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Block, Robert 1960-

Block, Robert 1960-

PERSONAL: Born 1960. Hobbies and other interests: Guitars, motorcycles, and Labrador retrievers.

ADDRESSES: Home— Washington, DC. Office— c/o Wall Street Journal, 200 Liberty St., New York, NY 10281. E-mail— [email protected]

CAREER: Journalist. Reuters, London, England, 1982-90, began as Mexico correspondent, became El Salvador bureau chief and global reporter;Independent, London, England, assistant foreign editor, 1990-92, chief foreign correspondent, 1992-95, Africa correspondent, 1995;Sunday Times, London, reporter, 1995-97;Wall Street Journal, Washington, DC, Africa correspondent, 1997-2003, homeland security correspondent, 2003—.

AWARDS, HONORS: Foreign Media Award, British Overseas Correspondents Association, 1996; Amnesty International Award, 1996, for human rights reporting; Pulitzer Prize (with staff members of Wall Street Journal), 2002, for breaking news; Elizabeth Neuffer Award, 2004, for reporting about United Nations peacekeeping operations; Excellence in Reporting Award, Society of Publishers in Asia, 2005, for coverage of Asian tsunami; President’s Award, New Jersey Deputy Fire Chiefs Association, 2006; Health Brain-trust Leadership Award in Print Journalism, Congressional Black Caucus, 2006.


(With Christopher Cooper) Disaster: Hurricane Katrina and the Failure of Homeland Security, Times Books (New York, NY), 2006.

Contributor to New York Review of Books, 1993-96.

ADAPTATIONS: Home Box Office has acquired the rights to Disaster.

SIDELIGHTS: Wall Street Journal reporters Robert Block and Christopher Cooper are the authors of Disaster: Hurricane Katrina and the Failure of Homeland Security, an examination of the U.S. government’s response to the devastating storm that struck the Gulf Coast on August 29, 2005, killing more than 1, 000 people and leaving hundreds of thousands homeless. In the work, Block and Cooper contend that Hurricane Katrina exposed major weaknesses in the federal government’s ability to cope with natural disasters, and that many of the problems faced by the government were a direct result of policies that reduced funding to the Federal Emergency Management Agency and transferred much of its authority to the Department of Homeland Security. “The authors’ exhaustively researched account slogs through the intricacies of this bureaucratic nightmare,” wrote a contributor in Publishers Weekly. Block and Cooper also note that years of neglect by the Army Corps of Engineers and local officials left the levees and flood-walls of New Orleans vulnerable to storm surges, resulting in catastrophic breaches of the system when Katrina made landfall. An estimated eighty percent of the city was flooded. “Disaster is likely the best in-depth contemporary analysis we are going to get—and it does that job quite admirably,” noted Washington Post critic Stephen Flynn. “Given that future catastrophes are inevitable, this book is a call to arms to demand a far more competent federal emergency response than Washington has been willing to provide.”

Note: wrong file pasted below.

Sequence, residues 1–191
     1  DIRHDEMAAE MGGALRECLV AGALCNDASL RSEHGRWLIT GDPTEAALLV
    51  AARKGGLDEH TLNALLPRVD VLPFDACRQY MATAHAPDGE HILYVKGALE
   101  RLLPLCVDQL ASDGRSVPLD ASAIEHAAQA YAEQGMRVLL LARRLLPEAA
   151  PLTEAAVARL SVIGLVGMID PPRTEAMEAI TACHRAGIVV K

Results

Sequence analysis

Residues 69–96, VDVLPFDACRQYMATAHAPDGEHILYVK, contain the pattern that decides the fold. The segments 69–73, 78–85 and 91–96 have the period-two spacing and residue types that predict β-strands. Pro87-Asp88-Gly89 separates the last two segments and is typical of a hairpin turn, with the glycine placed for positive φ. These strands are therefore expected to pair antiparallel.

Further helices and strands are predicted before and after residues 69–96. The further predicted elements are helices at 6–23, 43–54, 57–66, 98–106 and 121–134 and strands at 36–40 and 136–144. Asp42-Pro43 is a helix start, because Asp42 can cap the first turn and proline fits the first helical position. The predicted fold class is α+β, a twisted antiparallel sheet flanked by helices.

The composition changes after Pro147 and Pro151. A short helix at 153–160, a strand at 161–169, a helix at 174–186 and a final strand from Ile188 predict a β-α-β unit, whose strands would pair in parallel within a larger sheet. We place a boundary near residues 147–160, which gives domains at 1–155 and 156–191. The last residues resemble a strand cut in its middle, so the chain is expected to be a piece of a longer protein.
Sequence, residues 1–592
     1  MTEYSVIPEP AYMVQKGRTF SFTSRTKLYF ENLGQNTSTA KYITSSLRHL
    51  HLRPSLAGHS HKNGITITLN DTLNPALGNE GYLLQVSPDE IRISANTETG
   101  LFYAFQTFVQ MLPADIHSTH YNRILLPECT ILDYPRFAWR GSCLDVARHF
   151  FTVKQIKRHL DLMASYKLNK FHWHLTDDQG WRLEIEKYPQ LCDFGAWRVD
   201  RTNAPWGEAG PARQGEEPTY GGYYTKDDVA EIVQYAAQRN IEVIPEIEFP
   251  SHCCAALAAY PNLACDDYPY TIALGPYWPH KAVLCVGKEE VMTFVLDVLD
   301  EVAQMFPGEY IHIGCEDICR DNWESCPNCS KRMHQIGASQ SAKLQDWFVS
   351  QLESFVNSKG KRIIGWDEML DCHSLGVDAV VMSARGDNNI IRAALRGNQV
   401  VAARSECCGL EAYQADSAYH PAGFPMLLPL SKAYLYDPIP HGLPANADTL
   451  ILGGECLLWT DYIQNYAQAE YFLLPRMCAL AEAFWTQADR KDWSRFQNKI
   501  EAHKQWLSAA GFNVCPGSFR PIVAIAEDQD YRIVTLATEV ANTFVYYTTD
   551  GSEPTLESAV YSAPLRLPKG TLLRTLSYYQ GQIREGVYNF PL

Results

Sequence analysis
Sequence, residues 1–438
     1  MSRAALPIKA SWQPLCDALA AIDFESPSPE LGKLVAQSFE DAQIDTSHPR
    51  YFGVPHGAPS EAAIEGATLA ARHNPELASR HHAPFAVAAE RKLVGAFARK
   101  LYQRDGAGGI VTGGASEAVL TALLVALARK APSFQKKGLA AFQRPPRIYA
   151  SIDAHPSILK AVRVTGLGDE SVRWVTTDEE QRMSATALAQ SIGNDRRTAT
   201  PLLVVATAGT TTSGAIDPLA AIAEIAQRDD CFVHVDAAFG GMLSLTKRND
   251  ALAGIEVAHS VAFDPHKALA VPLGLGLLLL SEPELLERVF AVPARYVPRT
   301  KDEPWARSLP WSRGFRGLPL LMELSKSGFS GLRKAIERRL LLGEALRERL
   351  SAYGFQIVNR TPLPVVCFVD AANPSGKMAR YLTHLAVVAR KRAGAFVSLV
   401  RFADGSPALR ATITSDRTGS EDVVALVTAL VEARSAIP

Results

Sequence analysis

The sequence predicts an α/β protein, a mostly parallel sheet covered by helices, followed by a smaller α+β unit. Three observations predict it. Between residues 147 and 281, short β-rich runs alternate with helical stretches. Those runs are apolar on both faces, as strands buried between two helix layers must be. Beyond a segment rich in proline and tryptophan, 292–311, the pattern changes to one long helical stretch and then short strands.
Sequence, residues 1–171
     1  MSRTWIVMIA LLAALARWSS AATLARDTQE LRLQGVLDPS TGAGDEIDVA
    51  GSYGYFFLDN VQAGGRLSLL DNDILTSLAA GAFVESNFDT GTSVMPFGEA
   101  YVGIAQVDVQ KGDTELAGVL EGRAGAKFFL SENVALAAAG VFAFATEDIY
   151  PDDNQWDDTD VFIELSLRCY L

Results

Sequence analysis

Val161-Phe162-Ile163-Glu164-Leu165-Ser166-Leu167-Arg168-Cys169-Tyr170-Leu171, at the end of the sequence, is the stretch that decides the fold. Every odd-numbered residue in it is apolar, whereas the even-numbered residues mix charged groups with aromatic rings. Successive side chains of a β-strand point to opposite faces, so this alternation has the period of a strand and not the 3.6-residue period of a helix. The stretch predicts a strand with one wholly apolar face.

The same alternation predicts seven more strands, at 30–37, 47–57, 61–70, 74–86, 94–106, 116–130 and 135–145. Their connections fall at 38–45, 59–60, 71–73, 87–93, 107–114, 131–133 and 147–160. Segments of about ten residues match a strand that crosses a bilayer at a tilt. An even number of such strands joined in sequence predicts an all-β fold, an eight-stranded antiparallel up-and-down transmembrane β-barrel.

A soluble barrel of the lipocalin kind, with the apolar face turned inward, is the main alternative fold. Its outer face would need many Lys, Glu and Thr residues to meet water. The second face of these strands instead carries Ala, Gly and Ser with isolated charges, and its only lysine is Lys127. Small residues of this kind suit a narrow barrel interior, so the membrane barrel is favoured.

Publishers Weekly, July 24, 2006, review of Disaster: Hurricane Katrina and the Failure of Homeland Security, p. 53.

Reference & Research Book News, November, 2006, review of Disaster.

Washington Post, October 31, 2006, Stephen Flynn, “Ignoring One Threat for Another,” review of Disaster, p. C2.


Blogcritics Magazine Web site, (September 22, 2006), Dominick Evans, review of Disaster.*

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